Cambodia Jungle Fever: Ratanakiri, Mondulkiri and Koh Kong

Today we have a post from Max Harland and André Ruys, who both have a serious case of Cambodia jungle fever. They run small group tours of the Cambodian countryside and jungle and have shared some of their favorite spots with Move to Cambodia.

Chi Phat ecotourism

Chi Phat in Kong Kong Province is becoming one of Cambodia’s premier ecotourism destination.

So here you are, living in Cambodia and (hopefully) enjoying every minute of it. Angkor Wat is your second home, Phnom Penh your playground, and Sihanoukville your favorite spot for weekend trips. But maybe you’re looking for a change of scenery… How about the jungle? For those with an adventurous spirit, you’ll find our top recommendations below.

Ratanakiri

jungle Ratanakiri

Ratanakiri is filled with trekking options and stunning views.

Getting to Ratanakiri, the northeastern-most province in Cambodia, is quite a journey. Allow 10 to 12 hours by bus (a little less if you get a cab) to get from Phnom Penh to Banlung, the main town in Ratanakiri. A long trip indeed, but definitely worth it. Trekking in Ratanakiri is outstanding, and there are many different options. Here are our suggestions:

  • Don’t miss Yak Lom Lake. This 49-meter deep crater lake is the perfect spot to chill out and get a fresh evening swim after a long hiking day. Stay there until sunset–you’ll get some stunning views when the sun goes down over the lake.
  • Visit Kachon Cemetery, located close to the Lao village. There, you’ll run into dozens of wooden statues representing the deceased person buried below them. A unique experience.
  • Many of the most beautiful waterfalls in Cambodia can be found in the Ratanakiri province. Among others, check out Katien waterfall and the seven steps waterfall.
  • If you have the budget for it, go Gibbons spotting. This recently created activity allows you to see the northern yellow-cheeked gibbons, a rare and endangered species of ape.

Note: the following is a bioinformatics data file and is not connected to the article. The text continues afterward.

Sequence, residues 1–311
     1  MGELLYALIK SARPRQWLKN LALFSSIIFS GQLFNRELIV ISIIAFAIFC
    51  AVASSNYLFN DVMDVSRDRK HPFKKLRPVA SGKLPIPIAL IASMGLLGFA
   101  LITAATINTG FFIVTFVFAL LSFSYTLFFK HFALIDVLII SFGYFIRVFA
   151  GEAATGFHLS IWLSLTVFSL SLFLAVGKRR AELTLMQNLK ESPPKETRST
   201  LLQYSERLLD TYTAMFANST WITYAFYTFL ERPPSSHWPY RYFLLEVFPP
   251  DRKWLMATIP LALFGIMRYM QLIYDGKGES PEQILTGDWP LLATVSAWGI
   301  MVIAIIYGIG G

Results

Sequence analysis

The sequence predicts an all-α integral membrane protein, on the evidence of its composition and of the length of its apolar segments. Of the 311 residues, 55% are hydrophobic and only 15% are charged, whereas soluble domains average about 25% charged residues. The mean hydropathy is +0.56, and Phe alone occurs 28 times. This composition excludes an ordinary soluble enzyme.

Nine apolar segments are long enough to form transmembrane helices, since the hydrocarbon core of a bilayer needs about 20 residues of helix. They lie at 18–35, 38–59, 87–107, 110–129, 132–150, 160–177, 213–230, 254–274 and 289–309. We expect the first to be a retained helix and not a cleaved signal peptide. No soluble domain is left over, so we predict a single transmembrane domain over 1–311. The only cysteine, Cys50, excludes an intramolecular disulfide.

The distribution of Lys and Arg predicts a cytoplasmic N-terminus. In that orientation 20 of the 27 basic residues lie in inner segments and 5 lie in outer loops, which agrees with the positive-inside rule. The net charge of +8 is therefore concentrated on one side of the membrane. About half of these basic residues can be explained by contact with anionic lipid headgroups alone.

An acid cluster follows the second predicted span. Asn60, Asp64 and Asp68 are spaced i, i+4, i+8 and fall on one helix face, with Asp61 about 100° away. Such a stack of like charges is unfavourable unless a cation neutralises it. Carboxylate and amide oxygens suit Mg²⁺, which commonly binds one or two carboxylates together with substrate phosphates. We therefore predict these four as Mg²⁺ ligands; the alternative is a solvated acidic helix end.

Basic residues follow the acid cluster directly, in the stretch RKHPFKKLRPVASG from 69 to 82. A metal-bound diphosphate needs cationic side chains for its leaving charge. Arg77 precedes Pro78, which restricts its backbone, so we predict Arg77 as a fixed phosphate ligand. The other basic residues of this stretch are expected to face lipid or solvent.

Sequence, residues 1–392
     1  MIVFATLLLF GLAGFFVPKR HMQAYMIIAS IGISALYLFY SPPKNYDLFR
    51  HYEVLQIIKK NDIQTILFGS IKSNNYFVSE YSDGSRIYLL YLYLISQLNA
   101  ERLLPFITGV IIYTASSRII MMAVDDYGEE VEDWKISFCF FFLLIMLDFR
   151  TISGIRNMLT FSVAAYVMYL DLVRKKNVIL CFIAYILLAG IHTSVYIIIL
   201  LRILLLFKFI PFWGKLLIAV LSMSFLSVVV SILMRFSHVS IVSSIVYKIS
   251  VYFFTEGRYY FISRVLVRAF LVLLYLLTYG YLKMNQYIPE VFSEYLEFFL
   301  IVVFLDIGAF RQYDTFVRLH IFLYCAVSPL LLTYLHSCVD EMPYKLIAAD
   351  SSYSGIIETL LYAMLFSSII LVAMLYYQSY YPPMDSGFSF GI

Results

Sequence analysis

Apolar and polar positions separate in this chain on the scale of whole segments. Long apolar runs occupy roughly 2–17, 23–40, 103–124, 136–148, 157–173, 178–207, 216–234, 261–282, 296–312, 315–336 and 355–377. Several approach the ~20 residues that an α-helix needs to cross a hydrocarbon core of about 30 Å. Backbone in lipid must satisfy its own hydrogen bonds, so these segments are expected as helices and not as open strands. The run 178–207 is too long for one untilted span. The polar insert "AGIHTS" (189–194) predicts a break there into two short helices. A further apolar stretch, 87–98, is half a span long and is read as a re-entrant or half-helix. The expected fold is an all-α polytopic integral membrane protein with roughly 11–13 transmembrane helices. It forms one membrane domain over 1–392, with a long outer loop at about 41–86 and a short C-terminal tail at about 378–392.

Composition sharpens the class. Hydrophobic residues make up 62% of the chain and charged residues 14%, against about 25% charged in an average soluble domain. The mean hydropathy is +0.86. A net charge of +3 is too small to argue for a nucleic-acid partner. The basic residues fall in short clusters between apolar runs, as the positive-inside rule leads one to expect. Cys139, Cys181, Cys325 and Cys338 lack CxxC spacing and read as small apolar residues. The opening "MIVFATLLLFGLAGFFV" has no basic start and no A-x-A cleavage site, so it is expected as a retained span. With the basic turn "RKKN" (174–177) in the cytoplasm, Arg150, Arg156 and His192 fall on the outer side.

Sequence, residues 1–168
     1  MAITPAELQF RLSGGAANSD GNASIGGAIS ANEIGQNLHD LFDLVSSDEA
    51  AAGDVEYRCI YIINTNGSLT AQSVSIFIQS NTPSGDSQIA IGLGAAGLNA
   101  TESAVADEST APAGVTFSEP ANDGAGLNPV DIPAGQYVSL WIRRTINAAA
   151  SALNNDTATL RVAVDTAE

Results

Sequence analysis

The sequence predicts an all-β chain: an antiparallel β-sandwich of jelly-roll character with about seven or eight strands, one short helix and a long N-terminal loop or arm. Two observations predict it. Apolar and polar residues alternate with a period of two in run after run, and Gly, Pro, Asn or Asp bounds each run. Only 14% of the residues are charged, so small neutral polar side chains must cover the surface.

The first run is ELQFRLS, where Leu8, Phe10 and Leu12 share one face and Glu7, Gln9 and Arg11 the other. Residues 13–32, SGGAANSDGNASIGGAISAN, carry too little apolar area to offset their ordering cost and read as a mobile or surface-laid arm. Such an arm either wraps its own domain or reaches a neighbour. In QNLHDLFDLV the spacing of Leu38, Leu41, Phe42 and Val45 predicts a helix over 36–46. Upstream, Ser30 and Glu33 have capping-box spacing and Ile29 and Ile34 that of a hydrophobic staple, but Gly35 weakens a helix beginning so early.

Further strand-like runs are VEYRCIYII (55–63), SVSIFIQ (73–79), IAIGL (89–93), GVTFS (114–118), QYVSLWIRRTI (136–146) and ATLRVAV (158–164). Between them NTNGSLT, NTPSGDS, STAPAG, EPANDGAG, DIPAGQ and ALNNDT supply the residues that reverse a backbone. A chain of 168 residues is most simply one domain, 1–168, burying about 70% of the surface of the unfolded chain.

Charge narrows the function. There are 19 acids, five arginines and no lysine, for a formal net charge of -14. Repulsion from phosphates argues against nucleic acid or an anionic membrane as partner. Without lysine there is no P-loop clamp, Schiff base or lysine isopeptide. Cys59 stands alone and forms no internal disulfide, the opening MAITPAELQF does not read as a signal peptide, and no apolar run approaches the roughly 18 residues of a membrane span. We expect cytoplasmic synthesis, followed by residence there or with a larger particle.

• Watch locals mining gems. In order to find precious stones, locals get 10 to 15 meters deep into the ground, which is very impressive to watch. In some areas, you’ll also get to see locals gold hunting in the river.

Mondulkiri

Go for a dip with the locals in Bou Sra Waterfall in Mondulkiri.

  • Mondulkiri is the least-populated province in Cambodia. It’ll take you 7 to 9 hours to reach Sen Monorom, the Province’s capital, which has a population of around 8000 people. The scenery there is beautiful, featuring jungle, mountains and wildlife.
  • Get to Bou Sra, which probably the biggest waterfall in Cambodia, and definitely the most impressive.
  • Visit a Phnong village. The Phnong people are the local minority in the Mondulkiri Province. Walk through one of their villages and admire the beautiful circular bamboo huts.
  • Spend a day or two volunteering at the Elephant Valley Project. The organization works to protect wild elephants from captivity. Help them out with their daily or monthly projects and you’ll get to watch elephants roaming around their protected sanctuary in the Seima forest. Don’t expect elephant-riding or fun tricks there, as it is all about giving their wilderness back to the elephants.
  • Go mountain biking in Mondulkiri! The green and hilly Mondulkiri landscapes are perfect for that.
  • Get to the Sea Forest close to Sen Monorom and enjoy the exceptional panoramic view over the jungle.

Koh Kong

Tai Tai Waterfall in Koh Kong is especially impressive during rainy season.